Denver Broncos: Here’s the thing about Teddy Bridgewater

Denver Broncos quarterback Teddy Bridgewater. Mandatory Credit: Isaiah J. Downing-USA TODAY Sports
Denver Broncos quarterback Teddy Bridgewater. Mandatory Credit: Isaiah J. Downing-USA TODAY Sports /

Denver Broncos quarterback Teddy Bridgewater has come under fire during the season for his poor play at times, but he has largely been everything the team has hoped, and more.

When Teddy Bridgewater won the quarterback battle for the Denver Broncos, many fans, media figures, and everyone in between seemed to think that Drew Lock played better during offseason activities.

As time passed, it seemed apparent that the coaching staff favored Teddy this entire time, putting into question the credibility of the quarterback competition over the summer.

That was 15 weeks ago, and since being named starter of the Denver Broncos, Teddy Bridgewater has been everything the coaching staff has hoped, and maybe even more.

Is Teddy Bridgewater exactly who we thought he was for the Denver Broncos?

Teddy has been fairly criticized at times for his sometimes poor play.  He’s missed open receivers on many occasions, missed easy throws, and taken easy sacks.  While no quarterback is perfect, Teddy is by no means a franchise guy, which is why he’s bounced around on several teams during his career.

What the Denver Broncos hoped Teddy Bridgewater would be is exactly what he’s done.  They envisioned Teddy as the game manager type, someone who could come in and keep the offense afloat, limit turnovers, and provide a strong veteran presence in the locker room.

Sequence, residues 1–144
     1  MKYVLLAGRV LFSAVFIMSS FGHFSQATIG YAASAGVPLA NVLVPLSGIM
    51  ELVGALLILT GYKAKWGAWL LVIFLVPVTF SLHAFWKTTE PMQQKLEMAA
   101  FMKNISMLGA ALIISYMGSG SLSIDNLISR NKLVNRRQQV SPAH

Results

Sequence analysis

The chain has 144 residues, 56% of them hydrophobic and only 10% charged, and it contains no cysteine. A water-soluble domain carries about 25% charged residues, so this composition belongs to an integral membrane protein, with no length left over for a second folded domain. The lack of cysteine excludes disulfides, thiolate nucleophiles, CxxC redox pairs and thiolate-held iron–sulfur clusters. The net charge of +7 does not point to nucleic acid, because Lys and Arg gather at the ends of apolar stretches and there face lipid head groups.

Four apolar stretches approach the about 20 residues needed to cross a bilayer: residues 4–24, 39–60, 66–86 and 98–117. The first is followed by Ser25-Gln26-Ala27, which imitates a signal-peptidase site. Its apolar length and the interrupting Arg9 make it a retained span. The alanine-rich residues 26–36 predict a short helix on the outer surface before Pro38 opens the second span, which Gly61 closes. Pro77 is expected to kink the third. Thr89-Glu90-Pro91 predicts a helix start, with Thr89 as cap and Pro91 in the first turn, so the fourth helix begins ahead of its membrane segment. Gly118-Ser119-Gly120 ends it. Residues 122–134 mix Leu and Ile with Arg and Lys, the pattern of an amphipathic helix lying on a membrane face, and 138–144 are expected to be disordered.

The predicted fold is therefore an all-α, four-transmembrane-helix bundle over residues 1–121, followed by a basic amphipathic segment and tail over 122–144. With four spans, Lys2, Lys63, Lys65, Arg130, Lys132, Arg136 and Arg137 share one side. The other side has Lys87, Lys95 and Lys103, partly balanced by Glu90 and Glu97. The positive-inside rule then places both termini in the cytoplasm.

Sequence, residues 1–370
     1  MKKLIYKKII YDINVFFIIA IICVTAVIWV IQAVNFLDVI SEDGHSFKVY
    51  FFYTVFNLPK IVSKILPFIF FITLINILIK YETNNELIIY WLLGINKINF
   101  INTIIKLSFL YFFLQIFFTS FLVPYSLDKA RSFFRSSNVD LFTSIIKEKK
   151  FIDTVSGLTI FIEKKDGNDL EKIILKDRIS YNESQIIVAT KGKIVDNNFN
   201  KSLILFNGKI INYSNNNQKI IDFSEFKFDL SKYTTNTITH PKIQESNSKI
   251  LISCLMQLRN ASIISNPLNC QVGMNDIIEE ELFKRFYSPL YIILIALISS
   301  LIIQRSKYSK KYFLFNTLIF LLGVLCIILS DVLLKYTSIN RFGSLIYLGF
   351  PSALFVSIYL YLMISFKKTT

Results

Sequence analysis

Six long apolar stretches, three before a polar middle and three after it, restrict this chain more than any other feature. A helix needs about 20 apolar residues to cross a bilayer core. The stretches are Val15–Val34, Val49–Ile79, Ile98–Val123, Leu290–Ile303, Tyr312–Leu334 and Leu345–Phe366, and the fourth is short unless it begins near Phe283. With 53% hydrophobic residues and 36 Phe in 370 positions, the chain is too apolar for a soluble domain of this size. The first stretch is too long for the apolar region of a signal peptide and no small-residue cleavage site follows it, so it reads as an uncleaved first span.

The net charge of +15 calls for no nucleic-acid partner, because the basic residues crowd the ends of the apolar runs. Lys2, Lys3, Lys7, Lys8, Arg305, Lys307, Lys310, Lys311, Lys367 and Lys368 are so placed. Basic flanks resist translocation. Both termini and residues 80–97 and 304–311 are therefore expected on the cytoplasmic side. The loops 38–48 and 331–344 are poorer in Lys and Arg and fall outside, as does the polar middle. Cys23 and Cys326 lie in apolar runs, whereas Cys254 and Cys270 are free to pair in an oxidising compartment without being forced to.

Let’s break down each of these and see if Teddy has done what he’s been asked to do.

Teddy is largely seen around the league as a game manager or high-quality backup QB.  With these quarterbacks, you can generally win games but often cannot win because of them.

Through 13 games, Teddy Bridgewater has thrown for 18 touchdown passes, 7 interceptions, with a passer rating of 96.5.  He has been much better than his time last year with Carolina, and with 4 games remaining, is on pace for 23 touchdowns and 9 interceptions.  He’s also on pace to pass for over 3,800 yards.

Comparing his projected season finish with the Game Manager King, Alex Smith, we’ll see that Teddy Bridgewater is on a bit of a stronger pace than Smith ever was.  Alex Smith threw for at least 23 touchdowns only twice in his respectable career, and on 5 occasions threw less than 7 interceptions when he plays a full season.

While stats can often be misleading, bad quarterbacks don’t enjoy the production that Teddy Bridgewater is currently on pace for.

One of the most important parts of Teddy’s production is the limitation of turnovers.  The Broncos are positive in the turnover battle, have given the ball away at the 10th fewest rate in the NFL, and Teddy Bridgewater has thrown just 7 interceptions on the season, which is less than Patrick Mahomes, Tom Brady, Joe Burrow, Justin Herbert, and Josh Allen.

Seven interceptions rank as the 23rd most in the league.  While Teddy is not generally known as someone who pushes the ball down the field or puts the ball in harm’s way, his limiting his interceptions has greatly helped the offense.

The Broncos rank 20th in the NFL, averaging 21.2 points per game.  In 2020, the Broncos ranked 28th in the NFL, averaging 20.2 PPG.  In 2019, they also ranked 28th in the NFL in PPG, averaging just 17.6 points.

So, the Broncos are currently scoring more points per game than they have in the past 2 seasons.  Furthermore, the Broncos are 15th in offensive penalties committed, so they’re generally playing clean ball as well.

The team is by no means perfect on offense, but what we’ve seen from Teddy Bridgewater thus far this season has been everything he’s been in his career, and more.